The second reason is when the company’s profits don’t tend to be very stable and move up and down with an economic or industry cycle. In these circumstances the company wants to have a nice buffer of profits over the annual cost of the dividend so that it does not have to cut the dividend if profits fall in a recession.

Lastly, the company may prefer to pay out its profits in a different way. Some companies prefer to buy back shares rather than pay higher dividends. Pub company JD Wetherspoon (LSE:JDW) has kept its annual dividend per share unchanged at 12p per share for many years whilst shrinking the number of shares in issue.

Sifting for low-yielding, fast-growing dividend shares with rising payouts

I’ve asked SharePad to look for shares where the rising payout ratio or falling dividend cover is contributing to high levels of annualised dividend per share growth over the next three years.

The criteria I have set are:

  • Minimum forecast dividend yield of 1%.
  • Minimum dividend cover of 3 times.
  • 3 year forecast annualised dividend growth of at least 9% (3x the current rate of inflation).
  • Dividend cover is falling.

SharePad produced a list of 32 qualifying shares. I’ve listed 16 below with the most significant reductions in cover or rise in payouts.

The key question with these shares is are they the kinds of share that can deliver the sustained levels of growth I was mentioning at the beginning of the article? With miners such as Glencore or banks such as Barclays, history suggests that this outcome might be unlikely.

A couple of shares which might fit the bill though are Patisserie Holdings (LSE:CAKE) and Avon Rubber (LSE:AVON).

Patisserie Holdings is so far proving to be a very successful retail roll out story with a growing number of posh cake shops or concessions. Business is good as evidenced by its recent results. This is a business with growing profits and a low dividend payout ratio. Once the business matures, the scope to hike the cash payout is considerable which could see long-term investors build up a significant annual income from owning this share.

A payout ratio of 50% – not unreasonable for this kind of business – on 2020 EPS forecast of 21.8p would equate to a dividend yield of 3% on the current share price of 364p with prospect of more dividend growth in future years.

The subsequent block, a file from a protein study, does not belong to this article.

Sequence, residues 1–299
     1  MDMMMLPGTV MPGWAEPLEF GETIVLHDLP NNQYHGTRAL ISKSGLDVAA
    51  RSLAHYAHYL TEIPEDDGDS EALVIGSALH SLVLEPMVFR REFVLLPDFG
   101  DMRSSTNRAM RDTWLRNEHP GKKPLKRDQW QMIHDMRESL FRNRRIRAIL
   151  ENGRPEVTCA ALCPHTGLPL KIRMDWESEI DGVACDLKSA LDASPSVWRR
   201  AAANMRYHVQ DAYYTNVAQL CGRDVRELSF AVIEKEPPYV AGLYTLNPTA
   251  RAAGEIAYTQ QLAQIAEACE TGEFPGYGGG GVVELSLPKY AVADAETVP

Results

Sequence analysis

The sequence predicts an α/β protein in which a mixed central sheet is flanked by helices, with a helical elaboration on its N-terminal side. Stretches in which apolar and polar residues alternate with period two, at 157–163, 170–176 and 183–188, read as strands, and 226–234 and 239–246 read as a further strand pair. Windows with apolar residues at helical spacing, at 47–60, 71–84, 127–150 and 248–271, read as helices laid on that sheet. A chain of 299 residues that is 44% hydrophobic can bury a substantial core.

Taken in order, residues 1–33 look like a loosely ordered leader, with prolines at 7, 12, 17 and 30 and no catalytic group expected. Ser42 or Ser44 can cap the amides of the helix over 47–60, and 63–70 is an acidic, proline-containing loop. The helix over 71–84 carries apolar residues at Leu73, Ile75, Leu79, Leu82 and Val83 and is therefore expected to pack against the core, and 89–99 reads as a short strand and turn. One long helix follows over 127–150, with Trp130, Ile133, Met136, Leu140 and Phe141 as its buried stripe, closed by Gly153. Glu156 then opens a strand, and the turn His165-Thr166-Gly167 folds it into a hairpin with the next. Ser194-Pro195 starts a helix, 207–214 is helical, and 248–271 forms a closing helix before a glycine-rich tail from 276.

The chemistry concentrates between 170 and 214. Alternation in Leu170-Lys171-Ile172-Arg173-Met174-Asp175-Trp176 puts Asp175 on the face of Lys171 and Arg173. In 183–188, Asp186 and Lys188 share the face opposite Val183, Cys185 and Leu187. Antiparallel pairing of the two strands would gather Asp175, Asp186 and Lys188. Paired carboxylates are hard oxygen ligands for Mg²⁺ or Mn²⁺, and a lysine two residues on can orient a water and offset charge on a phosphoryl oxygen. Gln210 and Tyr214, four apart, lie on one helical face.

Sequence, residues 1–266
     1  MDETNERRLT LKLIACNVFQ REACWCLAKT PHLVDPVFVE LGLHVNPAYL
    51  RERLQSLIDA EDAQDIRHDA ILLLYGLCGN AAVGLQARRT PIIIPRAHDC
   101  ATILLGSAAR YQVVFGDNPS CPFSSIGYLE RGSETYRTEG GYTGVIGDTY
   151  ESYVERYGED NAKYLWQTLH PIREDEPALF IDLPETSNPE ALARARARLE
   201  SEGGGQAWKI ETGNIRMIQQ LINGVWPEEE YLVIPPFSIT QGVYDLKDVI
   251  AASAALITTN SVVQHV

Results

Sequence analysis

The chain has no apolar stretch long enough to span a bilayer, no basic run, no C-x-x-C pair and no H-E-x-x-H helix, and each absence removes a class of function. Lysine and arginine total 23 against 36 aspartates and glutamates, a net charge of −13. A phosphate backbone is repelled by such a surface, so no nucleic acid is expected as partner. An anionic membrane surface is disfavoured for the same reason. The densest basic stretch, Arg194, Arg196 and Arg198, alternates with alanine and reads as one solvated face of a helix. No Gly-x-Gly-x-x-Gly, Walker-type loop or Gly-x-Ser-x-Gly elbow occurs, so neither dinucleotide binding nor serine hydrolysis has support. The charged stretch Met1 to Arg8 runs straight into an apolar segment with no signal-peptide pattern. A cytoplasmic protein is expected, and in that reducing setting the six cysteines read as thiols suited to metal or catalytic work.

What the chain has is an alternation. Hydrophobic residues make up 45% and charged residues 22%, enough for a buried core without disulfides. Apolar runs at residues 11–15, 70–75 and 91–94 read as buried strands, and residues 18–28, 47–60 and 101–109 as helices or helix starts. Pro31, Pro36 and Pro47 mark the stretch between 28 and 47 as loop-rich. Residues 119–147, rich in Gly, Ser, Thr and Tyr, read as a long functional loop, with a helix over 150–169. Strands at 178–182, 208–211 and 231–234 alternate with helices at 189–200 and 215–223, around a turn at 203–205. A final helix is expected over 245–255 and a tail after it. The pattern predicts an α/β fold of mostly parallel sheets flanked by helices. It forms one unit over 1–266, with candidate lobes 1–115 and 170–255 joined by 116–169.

Management at Avon Rubber have been very explicit about significantly boosting dividends by increasing the dividend payout ratio:

“Our policy is to maintain a progressive dividend policy balancing dividend increases with the rates of adjusted earnings per share growth achieved, taking into account potential acquisition spend and the Group’s financing position. Over recent years, we have grown the dividend per share by 30% per annum and we expect to continue to grow dividends ahead of earnings over the medium-term. Our policy is to maintain dividend cover (the ratio of dividend per share to adjusted earnings per share) above two times. This year dividend cover was 6.7 times (2016: 7.6 times). Once dividend cover has reduced to two times we intend to increase dividends in line with the growth in adjusted earnings per share.”

Analysts’ forecasts for dividends in 2020 look too low to me and will surely be revised upwards. If Avon meets its current 2020 EPS forecast of 74.2p a dividend that is twice covered would be 37.1p which would equate to a dividend yield of 3.2% on the current share price of 1150 compared with current forecast yield of 1.1%.

(Disclosure: At the time of writing Phil Oakley owns shares in Avon Rubber and JD Wetherspoon.)